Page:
UNITED STATES SENATE
COMMITTEE ON ARMED SERVICES
SUBCOMMITTEE ON DEFENSE TECHNOLOGY, ACQUISITION,
AND INDUSTRIAL BASE
John H. Gibbons
Assi stant to the President
for Science and Technology
May 18, 1993
Chairman and Members of the Committee, I appreciate the opportunity to talkwith you this morning about an important and timely issue: the technology andindustrial base we need for national security, and how that requirement fitswith the technology policies we need to build a strong economy. The point Iwant to stress today is that the fit is remarkably good, and it is high time totake advantage of it.
With th e end of the Cold War, the biggest challenge for our country's nationalsecurity is no longer the threat of global military conflict, but is insteadthe challenge to restore U.S. economic competitiveness and raise livingstandards for all Americans. This gives a new urgency to technology policiesthat can nurture the Nation's civilian economic strength. At the same time,declining defense budgets create the imperative to do more with less money inthe area of national security, and to assist our defense industries and workersin making the transition to a civilian-oriented competitive economy.
To meet these challenges, the President has developed an economic plan thatincludes both a major investment in civilian technologies as a catalyst for long term economic growth, and a coordinated $1.7 billion defense conversioninitiative. These are important initiatives both in terms of our country'seconomic recovery and growth, and in terms of our long term national security.Before I go into more description of these programs, however, I would like tomake a few general points about defense conversion and U.S. competitiveness.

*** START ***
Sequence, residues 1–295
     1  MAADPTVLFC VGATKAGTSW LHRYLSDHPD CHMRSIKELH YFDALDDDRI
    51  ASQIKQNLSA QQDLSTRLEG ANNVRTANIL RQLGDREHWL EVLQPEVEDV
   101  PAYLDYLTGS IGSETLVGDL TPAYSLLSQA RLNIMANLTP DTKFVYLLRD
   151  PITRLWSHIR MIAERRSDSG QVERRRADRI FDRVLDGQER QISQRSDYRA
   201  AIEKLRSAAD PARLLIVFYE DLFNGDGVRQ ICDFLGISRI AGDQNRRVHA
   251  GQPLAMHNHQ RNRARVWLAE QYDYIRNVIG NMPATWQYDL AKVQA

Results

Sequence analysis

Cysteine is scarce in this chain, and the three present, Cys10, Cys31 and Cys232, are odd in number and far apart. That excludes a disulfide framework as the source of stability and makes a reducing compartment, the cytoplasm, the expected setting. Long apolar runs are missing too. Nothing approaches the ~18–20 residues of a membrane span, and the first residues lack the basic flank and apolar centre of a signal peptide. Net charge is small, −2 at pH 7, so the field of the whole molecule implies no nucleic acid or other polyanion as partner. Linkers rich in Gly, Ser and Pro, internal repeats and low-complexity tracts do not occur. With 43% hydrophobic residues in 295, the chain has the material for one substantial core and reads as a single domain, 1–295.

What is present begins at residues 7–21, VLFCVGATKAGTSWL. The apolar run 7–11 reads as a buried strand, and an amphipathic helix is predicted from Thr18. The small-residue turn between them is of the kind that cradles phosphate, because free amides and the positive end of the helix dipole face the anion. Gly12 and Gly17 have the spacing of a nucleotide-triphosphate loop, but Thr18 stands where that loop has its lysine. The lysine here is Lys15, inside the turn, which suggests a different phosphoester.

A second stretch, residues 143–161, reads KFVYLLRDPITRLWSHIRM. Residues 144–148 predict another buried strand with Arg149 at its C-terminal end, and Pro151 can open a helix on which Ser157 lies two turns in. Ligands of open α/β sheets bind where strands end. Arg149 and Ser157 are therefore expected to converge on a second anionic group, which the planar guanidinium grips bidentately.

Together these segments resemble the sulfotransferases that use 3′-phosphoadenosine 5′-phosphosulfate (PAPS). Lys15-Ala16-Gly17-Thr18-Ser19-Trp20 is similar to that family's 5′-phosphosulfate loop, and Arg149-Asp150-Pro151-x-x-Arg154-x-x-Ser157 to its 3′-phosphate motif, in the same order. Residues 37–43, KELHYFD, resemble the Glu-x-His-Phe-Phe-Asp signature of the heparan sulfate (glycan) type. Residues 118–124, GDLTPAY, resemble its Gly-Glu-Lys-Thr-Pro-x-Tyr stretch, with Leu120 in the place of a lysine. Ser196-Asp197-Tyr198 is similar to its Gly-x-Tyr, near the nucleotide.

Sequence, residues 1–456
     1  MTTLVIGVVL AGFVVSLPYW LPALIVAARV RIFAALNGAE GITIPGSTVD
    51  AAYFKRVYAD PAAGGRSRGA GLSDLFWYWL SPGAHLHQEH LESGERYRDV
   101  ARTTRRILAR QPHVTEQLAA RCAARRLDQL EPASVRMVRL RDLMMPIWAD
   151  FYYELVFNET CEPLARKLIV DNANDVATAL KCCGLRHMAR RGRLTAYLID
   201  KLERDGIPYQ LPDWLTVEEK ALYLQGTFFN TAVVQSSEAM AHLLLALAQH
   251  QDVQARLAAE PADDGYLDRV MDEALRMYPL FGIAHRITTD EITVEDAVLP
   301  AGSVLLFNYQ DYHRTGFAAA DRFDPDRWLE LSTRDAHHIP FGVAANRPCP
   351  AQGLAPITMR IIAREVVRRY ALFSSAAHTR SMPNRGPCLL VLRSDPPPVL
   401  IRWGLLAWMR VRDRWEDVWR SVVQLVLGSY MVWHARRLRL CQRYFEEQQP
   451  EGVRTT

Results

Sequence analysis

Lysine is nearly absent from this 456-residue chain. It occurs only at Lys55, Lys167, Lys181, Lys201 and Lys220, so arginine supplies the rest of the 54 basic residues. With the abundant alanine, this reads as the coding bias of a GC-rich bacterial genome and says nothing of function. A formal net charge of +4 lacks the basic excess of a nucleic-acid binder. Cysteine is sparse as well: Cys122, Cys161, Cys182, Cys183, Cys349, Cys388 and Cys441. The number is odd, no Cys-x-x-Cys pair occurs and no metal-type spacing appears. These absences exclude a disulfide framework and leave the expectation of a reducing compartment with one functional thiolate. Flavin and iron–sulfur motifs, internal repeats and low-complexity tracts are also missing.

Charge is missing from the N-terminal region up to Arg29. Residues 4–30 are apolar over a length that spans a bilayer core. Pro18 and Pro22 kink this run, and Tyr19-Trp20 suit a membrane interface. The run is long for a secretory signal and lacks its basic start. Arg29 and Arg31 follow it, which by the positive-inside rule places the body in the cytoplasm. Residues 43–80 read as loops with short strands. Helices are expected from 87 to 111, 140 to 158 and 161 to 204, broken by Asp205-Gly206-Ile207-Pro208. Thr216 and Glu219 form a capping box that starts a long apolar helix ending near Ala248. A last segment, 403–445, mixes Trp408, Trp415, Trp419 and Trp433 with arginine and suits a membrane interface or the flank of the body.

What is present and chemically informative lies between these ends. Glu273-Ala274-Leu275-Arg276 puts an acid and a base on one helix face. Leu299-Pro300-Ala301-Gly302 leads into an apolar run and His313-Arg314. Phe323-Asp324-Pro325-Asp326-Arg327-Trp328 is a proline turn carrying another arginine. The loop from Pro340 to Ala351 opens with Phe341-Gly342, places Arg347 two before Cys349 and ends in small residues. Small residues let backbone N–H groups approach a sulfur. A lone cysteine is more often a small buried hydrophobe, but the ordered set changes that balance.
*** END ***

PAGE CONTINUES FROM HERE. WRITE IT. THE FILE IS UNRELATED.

Much as we welcome the end of the Cold War, some of our people and communitiesare having a very tough time of i t in making the transition to a post-Cold Warworld. Hundreds of thousands of defense workers have lost their jobs, scoresof communities are hard hit, and many defense companies are struggling to findnew customers. The hardships are greater than we mi ght have expected,considering the relative size of the defense cutbacks, because our economy isburdened with more debt and higher unemployment than in times past, and we facemuch tougher international competition.
The workers and communiti es that have lost their economic lifeline deservefirst class help in the form of retraining, reemployment, and communityeconomic redevelopment programs. The Clinton Administrations's defenseconversion package includes over $600 million in transition a ssistance, much ofit directed to ex-service men and women for education and career changeopportunities. Help is also available to workers laid off from defenseplants, and to communities affected by military base closings and cutbacks inthe defense i ndustry.
But without healthy growth in the local and national economies, there is alimit to what even the best retraining and community redevelopment planning cando. In the long run, the best conversion strategy is the broadest --investment in programs that can promote technology advance, support the growthof high-performance, knowledge-intensive industries, and ultimately createwell-paid jobs.